The full story
By Ian Grant
It ended as it began, with pride, defiance and optimism. In between, we lost a helluva lot of football matches. That's
the abridged version.
The full story is rather more complicated. Really, a season that involved relegation with a record-breakingly low
points total ought to be easy to pass judgement on. But it's not so and, as illustrated by the general bewilderment that
characterised the media coverage of our post-relegation "celebrations", the reasons are not necessarily obvious.
It's a feeling, more than anything. If you had any association with Old Watford - that is, the wonderfully open, friendly,
helpful club that Graham Taylor was instrumental in creating during his first spell in charge - then you know what that
feeling is like. If you had any association with Recent Watford - that is, the appallingly closed, complacent club that
Jack Petchey was instrumental in creating during his ownership - then you also know what the absence of that feeling
is like...and, if you can't remember, you can have a read of my season preview.
There have been many different explanations for our uncontrollable outbursts of childish happiness at the end of the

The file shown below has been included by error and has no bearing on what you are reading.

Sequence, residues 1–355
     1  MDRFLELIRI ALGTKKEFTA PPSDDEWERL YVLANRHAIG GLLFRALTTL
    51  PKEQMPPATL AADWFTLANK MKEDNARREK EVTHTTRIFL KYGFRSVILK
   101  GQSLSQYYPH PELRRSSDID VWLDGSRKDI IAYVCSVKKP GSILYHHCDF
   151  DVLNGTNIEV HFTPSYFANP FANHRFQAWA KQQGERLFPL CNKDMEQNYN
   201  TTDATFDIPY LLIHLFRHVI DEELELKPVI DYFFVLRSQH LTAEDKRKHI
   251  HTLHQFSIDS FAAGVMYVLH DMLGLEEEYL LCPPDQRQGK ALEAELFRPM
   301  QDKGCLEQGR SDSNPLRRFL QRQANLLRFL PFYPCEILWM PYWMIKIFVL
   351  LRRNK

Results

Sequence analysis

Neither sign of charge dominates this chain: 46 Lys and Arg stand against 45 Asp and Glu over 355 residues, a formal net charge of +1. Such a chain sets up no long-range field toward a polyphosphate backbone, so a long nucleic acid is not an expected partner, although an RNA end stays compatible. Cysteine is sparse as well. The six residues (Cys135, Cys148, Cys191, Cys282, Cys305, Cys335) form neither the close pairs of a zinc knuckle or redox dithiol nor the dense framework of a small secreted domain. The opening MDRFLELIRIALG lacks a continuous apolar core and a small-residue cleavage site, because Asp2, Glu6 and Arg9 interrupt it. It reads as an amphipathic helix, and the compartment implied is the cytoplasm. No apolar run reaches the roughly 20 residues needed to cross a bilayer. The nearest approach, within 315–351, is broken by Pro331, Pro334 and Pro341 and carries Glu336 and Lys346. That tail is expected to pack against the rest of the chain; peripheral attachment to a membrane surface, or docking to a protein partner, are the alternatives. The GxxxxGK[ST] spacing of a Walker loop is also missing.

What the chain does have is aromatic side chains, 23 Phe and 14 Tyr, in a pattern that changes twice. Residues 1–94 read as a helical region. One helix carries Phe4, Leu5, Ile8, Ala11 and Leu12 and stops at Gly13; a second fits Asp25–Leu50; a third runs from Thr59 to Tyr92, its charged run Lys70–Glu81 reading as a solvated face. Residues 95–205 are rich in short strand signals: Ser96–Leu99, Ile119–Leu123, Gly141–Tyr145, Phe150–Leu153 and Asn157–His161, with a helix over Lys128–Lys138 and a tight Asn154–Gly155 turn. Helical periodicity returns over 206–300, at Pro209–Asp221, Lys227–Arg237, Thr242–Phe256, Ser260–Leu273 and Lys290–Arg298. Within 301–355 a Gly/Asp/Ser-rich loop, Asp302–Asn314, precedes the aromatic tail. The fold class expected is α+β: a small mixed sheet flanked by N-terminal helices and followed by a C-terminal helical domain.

season. That's because everyone had their own angle, of course. But my personal explanation is all about that feeling.
Like everyone else, I want a team that's worth supporting...and we'll get to that later. But, whatever happens on the
pitch, I want more. I want a club that's worth supporting too. The distinction between the team (including the manager) and the club was painfully apparent back in August. My absolute
adoration for the Wembley heroes was mirrored by utter disgust at the actions of an invisible board.
Nine months later, all that is changing. We have sensible and reasonable season ticket prices for next season, with a ground-breaking scheme
to reward early renewals for the following year. We have a board that is increasingly committed to communication, the latest
example being the introduction of an annual report to be sent to all supporters on the club's mailing list. We have a club
that appears determined to extend the hand of friendship, where once it only seemed interested in picking pockets.
Little gestures make all the difference, attention to detail counts for a lot. It's what Graham Taylor's "family club" was
founded on - it's not enough to tell people that their support is valued, you've got to make them feel it. For the best part
of a decade, such basic principles have been forgotten.
So, when the club sends a specially printed "thank you" postcard to everyone who's ordered a season ticket, that shouldn't be